Earthquakes hit Turkey and Syria, leaving more than 1,900 dead and thousands injured

Earthquakes hit Turkey and Syria, leaving more than 1,900 dead and thousands injured

Jordan’s queen offers sympathy to neighbors as quakes rattle people awake across borders

Amman — Jordanian seismologists registered more that 110 aftershocks in the country after the two massive earthquakes hit southeast Turkey on Monday. Head of Jordan’s seismology center, Ghassan Sweidan, told local television that “the center is still recording more tremors from time to time.”

Residents of the capital Amman, some 425 miles away from the epicenter of the quakes, were woken up at 4: 17 a.m. local time by the tremors. Local media reported that part of an old building collapsed in the northern Jordanian city of Irbid, but there were no casualties reported. 

Many Jordanians took to social media to express sympathy with their neighbors. 

وحدت مشاعر الألم عالمنا اليوم، قلوبنا مع أهالي ضحايا الزلزال وصلواتنا للمصابين ومن فقدوا منازلهم

Today, our world is united in its grief. Our hearts and prayers are with all the victims, the injured, and those who lost their homes or loved ones in today’s devastating earthquakes

— Rania Al Abdullah (@QueenRania) February 6, 2023

“Our hearts and prayers are with all the victims, the injured, and those who lost their homes or loved ones in today’s devastating earthquakes,” tweeted Jordan’s Queen Rania.


Harrowing video shows TV news journalist as Turkey quake hits

 A journalist was reporting on live TV Monday’s devastating earthquake in Turkey when the ground began to shake under him and he was forced to flee the area. Buildings collapsed around him as he and others on the street ran for safety. Watch here:

Canlı yayında #deprem anı#Malatya’da artçı sarsıntı sırasında hasarlı binalar yıkıldı

— A Haber (@ahaber) February 6, 2023


Turkey earthquakes felt as far away as Greenland and Denmark

Officials from Greenland and Denmark said two massive earthquakes that struck Turkey on Monday registered on seismographs in both countries, as did many of their aftershocks.

“We have registered both earthquakes — and a lot of aftershocks — in Denmark and Greenland,” Tine Larsen, a seismologist from the Geological Survey of Denmark and Greenland, said.

“The waves from the earthquake reached the seismograph on the Danish island of Bornholm approximately five minutes after the shaking started,” Larsen told the AFP news agency. “Eight minutes after the earthquake, the shaking reached the east coast of Greenland, propagating further through all of Greenland,” she said.


White Helmets ask international community for help

A representative from the White Helmets, a civil defense organization that works in Syria, often rescuing people from bombed-out buildings, called on the international community after Monday’s quakes “to save our people.”

“Many buildings in different cities and villages in northwestern Syria collapsed, destroyed by this earthquake. Our teams responded to all the sites and the buildings — and still now, many families are under the rubble. We are trying to save them but it’s a very hard task for us,” Ismail Al Abdullah told CBS News partner network BBC News.

Syria Earthquake
Civil defense workers and security forces search through the wreckage of collapsed buildings in Hama, Syria, Feb. 6, 2023. Omar Sanadik/AP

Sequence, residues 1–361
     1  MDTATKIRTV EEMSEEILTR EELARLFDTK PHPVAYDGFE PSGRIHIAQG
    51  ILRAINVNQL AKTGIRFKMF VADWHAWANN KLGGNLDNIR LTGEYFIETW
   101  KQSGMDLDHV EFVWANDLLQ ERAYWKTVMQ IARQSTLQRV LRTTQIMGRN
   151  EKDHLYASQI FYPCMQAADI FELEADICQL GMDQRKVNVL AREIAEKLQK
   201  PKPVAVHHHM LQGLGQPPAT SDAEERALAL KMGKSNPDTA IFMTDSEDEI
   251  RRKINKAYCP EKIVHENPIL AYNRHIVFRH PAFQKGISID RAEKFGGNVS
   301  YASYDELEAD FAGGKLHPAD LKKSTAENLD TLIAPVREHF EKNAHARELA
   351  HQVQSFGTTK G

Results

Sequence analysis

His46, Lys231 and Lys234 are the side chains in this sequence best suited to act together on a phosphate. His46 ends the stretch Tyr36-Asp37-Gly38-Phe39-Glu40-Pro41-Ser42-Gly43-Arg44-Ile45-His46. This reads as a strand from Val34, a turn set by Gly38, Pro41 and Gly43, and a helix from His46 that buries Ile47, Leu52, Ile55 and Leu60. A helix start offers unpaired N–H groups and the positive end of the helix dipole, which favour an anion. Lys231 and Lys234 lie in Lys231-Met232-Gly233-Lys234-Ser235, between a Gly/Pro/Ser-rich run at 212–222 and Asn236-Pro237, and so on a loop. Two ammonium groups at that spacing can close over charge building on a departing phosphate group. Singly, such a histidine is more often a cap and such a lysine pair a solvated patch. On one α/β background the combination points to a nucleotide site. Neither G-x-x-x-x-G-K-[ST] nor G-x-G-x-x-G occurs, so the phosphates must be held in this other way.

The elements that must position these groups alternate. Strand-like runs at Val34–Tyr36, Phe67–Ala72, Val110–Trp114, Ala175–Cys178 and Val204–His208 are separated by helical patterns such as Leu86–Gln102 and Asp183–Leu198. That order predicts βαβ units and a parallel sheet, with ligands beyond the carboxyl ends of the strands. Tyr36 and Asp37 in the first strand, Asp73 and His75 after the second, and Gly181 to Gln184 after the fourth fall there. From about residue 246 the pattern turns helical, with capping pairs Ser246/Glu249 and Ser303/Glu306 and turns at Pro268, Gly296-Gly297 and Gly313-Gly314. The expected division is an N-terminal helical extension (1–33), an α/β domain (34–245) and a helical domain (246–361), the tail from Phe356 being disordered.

“We need help. We need the international community to do something, to help us, to support us. Northwestern Syria is now a disaster area. We need help from everyone to save our people.”


Second large earthquake strikes Turkey

A second large earthquake struck south-eastern Turkey on Monday, Reuters reported, citing Turkey’s Disaster and Emergency Management Authority (AFAD). AFAD reportedly said the earthquake was magnitude 7.6 and occurred at a depth of four miles.

AFAD said the second quake struck the same region that was hit earlier on Monday by another major earthquake that has left hundreds dead and thousands injured. The epicenter of the second earthquake was the Elbistan region of Kahramanmaras Province, Reuters reported.


Region knows suffering all too well

The temblor struck a region that’s been shaped on both sides of the border by more than a decade of civil war in Syria. On the Syrian side, the swath affected is divided between government-held territory and the country’s last opposition-held enclave, which is surrounded by Russian-backed government forces. Turkey, meanwhile, is home to millions of refugees from that conflict.

The opposition-held regions in Syria are packed with some 4 million people displaced from other parts of the country by the fighting. Many of them live in buildings that are already wrecked from past bombardments. Hundreds of families remained trapped in rubble, the opposition emergency organization, called the White Helmets, said in a statement.


Winter adding to misery

Shocked survivors in Turkey rushed out into the snow-covered streets in their pajamas, watching rescuers dig through the debris of damaged homes with their hands.

“Seven members of my family are under the debris,” Muhittin Orakci, a stunned survivor in Turkey’s mostly Kurdish city of Diyarbakir, told Agence France-Presse.

“My sister and her three children are there. And also her husband, her father-in-law and her mother-in-law.”

The rescue was being hampered by a winter blizzard that covered major roads in ice and snow. Officials said the quake made three major airports in the area inoperable, further complicating deliveries of vital aid.


Death toll keeps climbing

Turkish President Recep Tayyip Erdogan said the death toll in his nation had risen to 912.  The death toll in government-held areas of Syria climbed to 237 with more than 630 injured, according to Syrian state media. At least 120 people were killed in rebel-held areas, according to the White Helmets, the emergency organization in opposition areas.

The Associated Press contributed reporting.